I didn’t want any degrees if all the ill-read literates and radio announcers and pedagogical dummies I knew had them by the peck.
Rather than swallowing our pride and simply asking what we do not know, we choose to fill in the blanks ourselves and later become humbled. Wisdom was often, in its youth, proven foolish, and ones humiliated were meant to become wise.
I was not use to that kind of hunger, even as a poor college student.
Personal conviction held always in life that it is better to spend a few minutes in Bathroom or Lavatory than many hours in a Laboratory or Library for the novelty in idea generation and incubation.
…I realized how naive I was. My aunt Tina was right: this stuff does exist, and it does hurt people, and although there are lots of people at Liberty who condemn violence against gays–including Dr. Falwell himself–the number of students who want to give them the Goliath treatment isn’t zero. In fact, the number who live in my room isn’t zero.
She’d always pictured her future self as a lone wolf traveling around the world, ensnaring romantic conquests and achieving her wildest and most ambitious goals. She didn’t think that at nineteen she would be so dependent on other people; she pictured herself as an autonomous and untouchable force that occasionally flitted back home to show off her new feathers before flying away to her life that was much more exciting than theirs.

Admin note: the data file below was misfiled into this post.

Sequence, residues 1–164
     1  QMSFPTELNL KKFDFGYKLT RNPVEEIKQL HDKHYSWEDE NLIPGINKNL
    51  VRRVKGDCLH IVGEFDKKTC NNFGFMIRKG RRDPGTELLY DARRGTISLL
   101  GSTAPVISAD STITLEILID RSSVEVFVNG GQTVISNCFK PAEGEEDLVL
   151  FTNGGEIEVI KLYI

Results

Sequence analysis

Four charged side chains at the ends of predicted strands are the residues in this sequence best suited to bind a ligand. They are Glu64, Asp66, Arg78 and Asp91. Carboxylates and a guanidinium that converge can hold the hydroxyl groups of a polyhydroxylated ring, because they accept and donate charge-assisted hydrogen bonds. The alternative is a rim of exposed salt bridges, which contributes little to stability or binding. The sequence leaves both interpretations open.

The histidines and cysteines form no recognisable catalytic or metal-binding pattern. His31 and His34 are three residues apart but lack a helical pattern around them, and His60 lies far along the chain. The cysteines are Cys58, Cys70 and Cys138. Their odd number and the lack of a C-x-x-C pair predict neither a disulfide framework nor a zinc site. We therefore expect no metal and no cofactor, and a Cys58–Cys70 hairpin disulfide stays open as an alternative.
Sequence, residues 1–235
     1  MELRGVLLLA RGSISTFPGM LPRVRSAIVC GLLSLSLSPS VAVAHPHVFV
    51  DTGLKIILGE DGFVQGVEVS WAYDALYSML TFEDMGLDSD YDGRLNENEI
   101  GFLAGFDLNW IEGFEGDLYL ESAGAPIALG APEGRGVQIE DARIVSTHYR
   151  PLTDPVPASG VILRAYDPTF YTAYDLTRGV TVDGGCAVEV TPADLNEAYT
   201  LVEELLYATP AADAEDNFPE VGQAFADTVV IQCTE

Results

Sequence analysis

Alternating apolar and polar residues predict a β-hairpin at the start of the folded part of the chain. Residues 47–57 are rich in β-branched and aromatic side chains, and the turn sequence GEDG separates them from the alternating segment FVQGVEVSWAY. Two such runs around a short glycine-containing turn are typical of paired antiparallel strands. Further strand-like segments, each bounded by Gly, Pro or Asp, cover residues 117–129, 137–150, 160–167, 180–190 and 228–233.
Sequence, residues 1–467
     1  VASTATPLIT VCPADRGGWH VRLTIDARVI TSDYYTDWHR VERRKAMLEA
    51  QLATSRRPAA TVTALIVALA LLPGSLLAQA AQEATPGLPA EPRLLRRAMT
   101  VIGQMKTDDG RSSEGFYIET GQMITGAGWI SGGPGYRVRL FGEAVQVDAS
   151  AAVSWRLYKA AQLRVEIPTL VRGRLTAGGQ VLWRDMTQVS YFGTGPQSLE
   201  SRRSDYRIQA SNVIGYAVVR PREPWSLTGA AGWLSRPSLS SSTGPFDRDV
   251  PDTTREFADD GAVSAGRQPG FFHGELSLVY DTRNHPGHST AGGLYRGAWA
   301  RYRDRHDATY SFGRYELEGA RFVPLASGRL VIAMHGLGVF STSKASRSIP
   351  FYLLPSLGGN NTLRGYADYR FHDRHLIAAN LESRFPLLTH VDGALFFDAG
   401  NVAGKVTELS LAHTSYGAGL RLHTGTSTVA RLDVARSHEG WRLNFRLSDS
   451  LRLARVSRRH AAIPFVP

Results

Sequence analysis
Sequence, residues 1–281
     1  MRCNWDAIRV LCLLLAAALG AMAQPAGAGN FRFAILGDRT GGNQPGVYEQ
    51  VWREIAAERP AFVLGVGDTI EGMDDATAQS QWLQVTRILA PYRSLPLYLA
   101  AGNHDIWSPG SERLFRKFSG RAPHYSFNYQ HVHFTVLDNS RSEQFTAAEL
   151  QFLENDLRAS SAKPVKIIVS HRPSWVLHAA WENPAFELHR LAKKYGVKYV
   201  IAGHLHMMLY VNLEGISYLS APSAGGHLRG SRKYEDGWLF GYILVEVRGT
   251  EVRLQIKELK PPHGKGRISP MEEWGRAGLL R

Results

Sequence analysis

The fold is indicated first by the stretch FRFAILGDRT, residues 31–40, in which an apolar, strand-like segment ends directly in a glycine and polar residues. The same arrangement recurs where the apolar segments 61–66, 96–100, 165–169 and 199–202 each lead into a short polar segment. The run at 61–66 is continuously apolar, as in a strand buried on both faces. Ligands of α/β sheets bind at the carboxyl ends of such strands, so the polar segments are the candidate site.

Wisdom is nothing more than confirmed imagination: just because one did not study for his exam does not mean that he should leave it blank.
I did not know of any single soul who succeed in life without a mentorship.
Of course he had a female following. Was there anything college girls found sexier than being told what to think?
College is a blossoming new world of genital opportunity.